One area where I have been exploring related fields lately is human psychology -- conflict resolution more specifically. Like many coaches, I have experienced and participated in several conflicts that erupt over the course of challenging the cultural status quo and radically changing ways of working. Here are a few examples, Agile vs waterfall development, Lean vs Agile, Scrum vs Kanban, project management vs product management, and estimation vs #noestimates. Helping clients resolve unhealthy conflict is a core skill for coaches -- note that some kinds of conflict are healthy and beneficial. What can I adopt and adapt from how psychologists, professional conflict mediators, and peacemakers resolve conflict?


A great post that exemplifies the practice of exaptation and repurposing the approaches used by conflict experts in other domains is Complicating the Narratives by Amanda Ripley. Ripley makes a compelling case that journalists can improve their ability to moderate dialogue between conflicting factions by adopting techniques from professional conflict negotiators and peacemakers. Lean and Agile coaches can use these techniques as well. If you ever need to broker a peace deal or mediate a compromise, take some time to learn from others and not re-invent the wheel. Explore what professionals in other domains have learned about the nature of conflict how to nudge tense situations toward a better place.


Here is my riff on a list of questions inspired by the article for fellow travelers to consider.

20 QUESTIONS TO HELP UNTANGLE CONFLICT


AMPLIFY DIFFERENCES AND SEE THE WHOLE

1. What camps are forming or already exist on this issue?

2. What is dividing us on this issue?

3. What is oversimplified about this issue?

4. What are the larger or higher-level questions that should be discussed first?


ASK QUESTIONS THAT EXPOSES TACIT ASSUMPTIONS AND MOTIVATIONS

5. Why is this important to you?

6. What information or experiences have shaped your thinking on this issue?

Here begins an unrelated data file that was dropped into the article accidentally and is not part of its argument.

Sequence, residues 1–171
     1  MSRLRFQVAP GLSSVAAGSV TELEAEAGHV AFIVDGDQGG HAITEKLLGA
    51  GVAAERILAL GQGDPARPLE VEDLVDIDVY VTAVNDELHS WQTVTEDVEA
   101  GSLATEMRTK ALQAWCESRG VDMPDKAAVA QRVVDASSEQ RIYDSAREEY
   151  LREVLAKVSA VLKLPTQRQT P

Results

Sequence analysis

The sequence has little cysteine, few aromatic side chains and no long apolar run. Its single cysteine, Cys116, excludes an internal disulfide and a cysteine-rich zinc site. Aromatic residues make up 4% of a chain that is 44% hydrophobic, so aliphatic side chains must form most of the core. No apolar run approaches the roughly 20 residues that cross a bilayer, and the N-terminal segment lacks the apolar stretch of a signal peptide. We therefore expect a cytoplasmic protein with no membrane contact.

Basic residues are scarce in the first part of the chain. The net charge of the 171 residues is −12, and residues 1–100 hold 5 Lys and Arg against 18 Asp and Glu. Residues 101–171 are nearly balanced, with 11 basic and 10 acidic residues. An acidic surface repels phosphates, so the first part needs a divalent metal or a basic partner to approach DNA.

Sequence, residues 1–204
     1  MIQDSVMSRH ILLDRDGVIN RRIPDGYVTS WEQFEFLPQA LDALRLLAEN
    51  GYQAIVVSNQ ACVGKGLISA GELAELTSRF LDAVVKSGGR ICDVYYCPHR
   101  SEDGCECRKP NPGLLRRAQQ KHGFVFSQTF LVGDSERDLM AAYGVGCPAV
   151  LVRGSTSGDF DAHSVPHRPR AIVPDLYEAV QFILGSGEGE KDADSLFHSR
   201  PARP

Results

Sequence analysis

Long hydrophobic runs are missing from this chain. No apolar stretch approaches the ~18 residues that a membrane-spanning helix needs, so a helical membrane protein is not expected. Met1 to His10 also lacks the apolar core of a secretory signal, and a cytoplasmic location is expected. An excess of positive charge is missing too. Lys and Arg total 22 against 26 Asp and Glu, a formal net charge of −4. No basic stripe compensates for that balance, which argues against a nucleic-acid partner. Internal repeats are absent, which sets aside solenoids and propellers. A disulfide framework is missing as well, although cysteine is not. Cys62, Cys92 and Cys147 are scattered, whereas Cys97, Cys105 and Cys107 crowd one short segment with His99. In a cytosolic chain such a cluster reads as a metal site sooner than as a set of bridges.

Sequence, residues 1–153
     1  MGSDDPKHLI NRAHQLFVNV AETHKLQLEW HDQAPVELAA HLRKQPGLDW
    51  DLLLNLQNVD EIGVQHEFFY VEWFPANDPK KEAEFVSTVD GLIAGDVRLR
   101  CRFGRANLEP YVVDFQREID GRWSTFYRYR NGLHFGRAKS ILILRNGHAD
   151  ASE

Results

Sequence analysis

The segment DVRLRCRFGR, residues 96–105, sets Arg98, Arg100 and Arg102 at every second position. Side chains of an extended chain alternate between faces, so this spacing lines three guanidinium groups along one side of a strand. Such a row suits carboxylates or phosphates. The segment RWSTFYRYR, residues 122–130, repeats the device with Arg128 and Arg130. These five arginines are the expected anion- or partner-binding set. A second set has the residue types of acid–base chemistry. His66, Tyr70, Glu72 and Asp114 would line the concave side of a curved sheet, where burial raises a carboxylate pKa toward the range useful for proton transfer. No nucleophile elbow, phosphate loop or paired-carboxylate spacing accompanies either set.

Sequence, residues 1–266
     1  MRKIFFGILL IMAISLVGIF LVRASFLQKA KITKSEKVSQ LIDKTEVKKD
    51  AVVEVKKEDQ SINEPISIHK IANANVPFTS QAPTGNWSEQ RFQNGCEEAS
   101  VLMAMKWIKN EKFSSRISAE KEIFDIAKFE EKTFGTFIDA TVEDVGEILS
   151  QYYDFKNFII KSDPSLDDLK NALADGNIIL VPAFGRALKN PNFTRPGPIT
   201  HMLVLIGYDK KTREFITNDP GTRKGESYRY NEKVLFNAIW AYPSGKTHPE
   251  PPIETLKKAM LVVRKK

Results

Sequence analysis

7. How did you come to arrive at your current position about this issue?

8. What is at stake for you?

9. How might things change for you if the other side had your same understanding?

10. What do you want the other side to understand?


LISTEN AND EMPATHIZE

11. Where do you feel torn?

12. Is there any part of the [other side's position that makes sense to you?

13. How do you feel about this issue?

14. Where does that feeling, emotion, or thinking come from?

15. What are you saying that the other side is not listening to?


AVOID PREMATURE CONVERGENCE AND COUNTER CONFIRMATION BIAS

16. What’s the question nobody’s asking?

17. What do you think the other group thinks of you?

18. What do you think the other group wants?

19. What do you want to understand about the other side?

20. Is there anything about how the other side portrays you or people with your views that feels inaccurate?


Any suggestions or feedback is welcome.


Reflection:

  • What problem that am I struggling with today has likely already been solved or addressed by others?

  • What related fields should I be exploring to improve my own capabilities?

  • How would I know if I were in an echo chamber? Do I spend too much time in an environment where I only encounters beliefs or opinions that coincide with my own?


References:

1) Shook, John. Managing to Learn: Using the A3 Management Process to Solve Problems, Gain Agreement, Mentor and Lead. 2008.